Strawberry Fields is dedicated by Mayor Koch, October 9, 1985.

The Conservancy initiates a Chess Camp.

By 1985, the Conservancy's grafitti removal crew had removed all of the accumulated graffiti of prior years, leaving it free to focus only on "fresh hits."

Repainting of the loggia at the Dairy, the ornate wrought iron gates at Conservatory Garden, and the polychrome cast-iron Ladies Pavilion at Hernshead.

Cleaning and repatinating of the sculptural gates at the Children's Zoo entrance, the statues of Romeo and Juliet and the Tempest in front of Delacorte Theater, as well as Alice in Wonderland and Hans Christian Anderson at Conservatory Water.

Rebuilding of Cop Cot, the fanciful rustic shelter mid-Park at 60th Street.

Restoration of the Gill – the stream running through the Ramble – including the reconstruction of a rustic bridge.

Steps at Conservatory Garden repointed.

Various sections of the Park wall repaired.

Renovation of eroded lawns at West 62nd Street entrance.

Planting of more than 1,400 understory trees and shrubs, 3,500 groundcover plants, and 7,500 wildflowers.

Conservancy volunteers log a total of 8,202 hours in the Park.

Bow Bridge repainted.

Clay surface installed on Rumsey Playfield.


A new picnicking area is created when the cracked, derelict and abandoned game courts on the Great Hill, at 106th Street and Central Park West, are cleared away and a new meadow is seeded.

SummerStage, originally a Conservancy-sponsored entertainment series, begins at the Bandshell.

Heckscher Ballfields receive a facelift.

The closed roadway or "Dead Road" on the east side of Sheep Meadow is repaved with 1,650 square yards of asphalt, for disco-dancing roller skaters.

Reconstruction of the Billy Johnson Playground at East 67th Street.

Restoration begins at Engineers' Gate – 90th Street and Fifth Avenue.

Installation of new sod, 50 new trees, 3,500 shrubs and 3,000 ground cover plants at Bethesda Terrace.

The statue of Polish King Wladyslaw Jagiello on the Great Lawn at 79th Street is cleaned and repatinated.

Rebuilding of the pergola at the Mall.

Rebuilding of the pergola at Conservatory Garden.

William S. Beinecke steps down as Chairman of the Central Park Conservancy, and James H. Evans steps up to the plate as the new Chairman.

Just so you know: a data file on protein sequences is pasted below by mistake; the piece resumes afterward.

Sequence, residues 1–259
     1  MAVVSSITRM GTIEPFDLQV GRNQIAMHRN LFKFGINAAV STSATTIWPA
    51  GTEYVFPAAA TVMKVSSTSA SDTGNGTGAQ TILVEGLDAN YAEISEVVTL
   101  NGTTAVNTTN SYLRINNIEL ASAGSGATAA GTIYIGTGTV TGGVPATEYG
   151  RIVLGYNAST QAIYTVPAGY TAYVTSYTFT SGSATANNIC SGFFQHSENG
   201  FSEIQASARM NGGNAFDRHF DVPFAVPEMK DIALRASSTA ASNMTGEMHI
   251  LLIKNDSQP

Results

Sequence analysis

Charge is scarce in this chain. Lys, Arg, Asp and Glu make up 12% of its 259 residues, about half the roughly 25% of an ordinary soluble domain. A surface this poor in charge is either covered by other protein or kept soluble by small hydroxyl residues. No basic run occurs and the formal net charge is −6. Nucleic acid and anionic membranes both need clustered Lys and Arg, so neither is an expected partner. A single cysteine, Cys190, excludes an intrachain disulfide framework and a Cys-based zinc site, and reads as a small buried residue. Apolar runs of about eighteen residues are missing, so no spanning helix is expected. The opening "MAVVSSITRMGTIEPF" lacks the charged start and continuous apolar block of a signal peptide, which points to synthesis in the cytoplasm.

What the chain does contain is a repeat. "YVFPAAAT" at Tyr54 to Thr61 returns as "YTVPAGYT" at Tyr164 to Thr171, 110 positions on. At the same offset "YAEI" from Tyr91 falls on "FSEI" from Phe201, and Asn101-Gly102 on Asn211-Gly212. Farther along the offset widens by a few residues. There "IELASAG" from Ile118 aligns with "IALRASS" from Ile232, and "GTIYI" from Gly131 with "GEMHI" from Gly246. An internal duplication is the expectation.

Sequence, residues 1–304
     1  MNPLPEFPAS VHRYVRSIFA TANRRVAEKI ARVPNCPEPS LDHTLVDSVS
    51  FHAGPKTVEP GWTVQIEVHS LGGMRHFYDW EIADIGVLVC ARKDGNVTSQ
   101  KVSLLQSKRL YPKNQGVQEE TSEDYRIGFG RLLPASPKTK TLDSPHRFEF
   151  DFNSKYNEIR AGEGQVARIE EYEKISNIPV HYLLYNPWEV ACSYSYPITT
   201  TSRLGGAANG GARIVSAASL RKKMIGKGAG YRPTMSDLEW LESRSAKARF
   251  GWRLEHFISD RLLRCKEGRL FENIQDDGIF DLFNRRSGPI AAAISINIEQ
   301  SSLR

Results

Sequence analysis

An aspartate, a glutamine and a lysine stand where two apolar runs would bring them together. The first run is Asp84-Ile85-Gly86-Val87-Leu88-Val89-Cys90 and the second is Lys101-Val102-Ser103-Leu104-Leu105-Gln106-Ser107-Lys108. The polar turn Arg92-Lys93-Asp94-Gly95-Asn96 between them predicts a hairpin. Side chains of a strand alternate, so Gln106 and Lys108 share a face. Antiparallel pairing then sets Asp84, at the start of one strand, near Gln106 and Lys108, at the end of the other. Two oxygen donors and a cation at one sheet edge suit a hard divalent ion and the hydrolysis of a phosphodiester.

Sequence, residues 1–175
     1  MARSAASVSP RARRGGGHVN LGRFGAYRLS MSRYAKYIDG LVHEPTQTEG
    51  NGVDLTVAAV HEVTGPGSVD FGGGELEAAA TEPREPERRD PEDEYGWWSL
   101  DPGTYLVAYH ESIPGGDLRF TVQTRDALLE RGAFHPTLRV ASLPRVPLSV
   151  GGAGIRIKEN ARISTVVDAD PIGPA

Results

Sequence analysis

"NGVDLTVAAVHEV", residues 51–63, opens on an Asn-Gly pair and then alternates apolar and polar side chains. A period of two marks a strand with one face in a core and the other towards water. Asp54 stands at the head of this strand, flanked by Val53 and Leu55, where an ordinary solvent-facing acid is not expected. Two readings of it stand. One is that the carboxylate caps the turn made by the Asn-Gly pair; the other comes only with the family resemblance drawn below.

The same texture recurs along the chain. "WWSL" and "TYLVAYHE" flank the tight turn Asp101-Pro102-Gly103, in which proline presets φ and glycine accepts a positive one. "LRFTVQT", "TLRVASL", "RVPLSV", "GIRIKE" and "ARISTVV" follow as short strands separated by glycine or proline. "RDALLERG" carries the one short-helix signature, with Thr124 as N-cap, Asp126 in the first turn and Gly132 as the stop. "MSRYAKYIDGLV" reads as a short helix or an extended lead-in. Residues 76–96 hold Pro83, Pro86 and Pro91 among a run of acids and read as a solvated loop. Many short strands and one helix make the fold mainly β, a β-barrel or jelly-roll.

Conservancy volunteers log a total of 9,713 hours in the Park.

The initial restoration of Cedar Hill.

Restoration of the East 76th Street Playground (James Michael Levin Playground).

Restoration of the West 81st Street Playground (Diana Ross Playground)

Installation of new playground equipment at the East 67th Street Playground.

At Bethesda Terrace, two magnificent banner poles bearing gonfalons – a sight New Yorkers had heretofore seen only in nineteenth century paintings and prints – were refabricated and reinstalled by the edge of the Lake.

The Fifth Annual Frederick Law Olmsted Luncheon raises more than $300,000.

The Campaign for the Central Park Conservancy begins, and is chaired by Henry R. Kravis.

The campaign to restore Grand Army Plaza begins.


Restoration of Inventors' Gate and its surrounding landscape (East 72nd Street).

The restoration of the boat landing at Hernshead, including the restabilization of the shore edge and the reconstruction of the paths and the drainage system from the West Drive to the Lake.

Ongoing restoration of the Kinderberg, or Childrens' District, surrounding the Dairy.

The Conservancy initiates the redesign and reclamation of the Harlem Meer.

Conservancy volunteers log a total of 13,000 hours in the Park. The Conservancy's volunteer program wins a citation for excellence from the White House.

The Conservancy's restoration crew restores Glade Arch, north of Conservatory Water. The crew repairs the arch's sandstone balustrade, retools its remaining stonework and replaces approximately 6,500 damaged bricks.

The Shakespeare Garden is redesigned and expanded. The Conservancy's restoration crew repaves pathways and stairs, installs rustic wooden benches and rustic cedar railings.

The Conservancy cleans and repatinates Angel of the Waters, the statue at Bethesda Fountain, which had become encrusted with corrosive copper sulfate.

To help secure the Park from future cycles of decline and to reduce the subsequent demand for capital restoration, the Conservancy establishes the Greensward Trust, an endowment fund, with income dedicated to Park maintenance.